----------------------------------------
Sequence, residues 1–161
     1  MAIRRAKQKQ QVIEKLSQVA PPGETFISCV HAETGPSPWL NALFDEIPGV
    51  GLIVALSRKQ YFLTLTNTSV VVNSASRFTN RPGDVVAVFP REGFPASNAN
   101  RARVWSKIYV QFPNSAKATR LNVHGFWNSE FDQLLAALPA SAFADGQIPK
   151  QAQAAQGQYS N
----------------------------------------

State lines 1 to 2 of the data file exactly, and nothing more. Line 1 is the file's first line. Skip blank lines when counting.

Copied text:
Sequence, residues 1–161
     1  MAIRRAKQKQ QVIEKLSQVA PPGETFISCV HAETGPSPWL NALFDEIPGV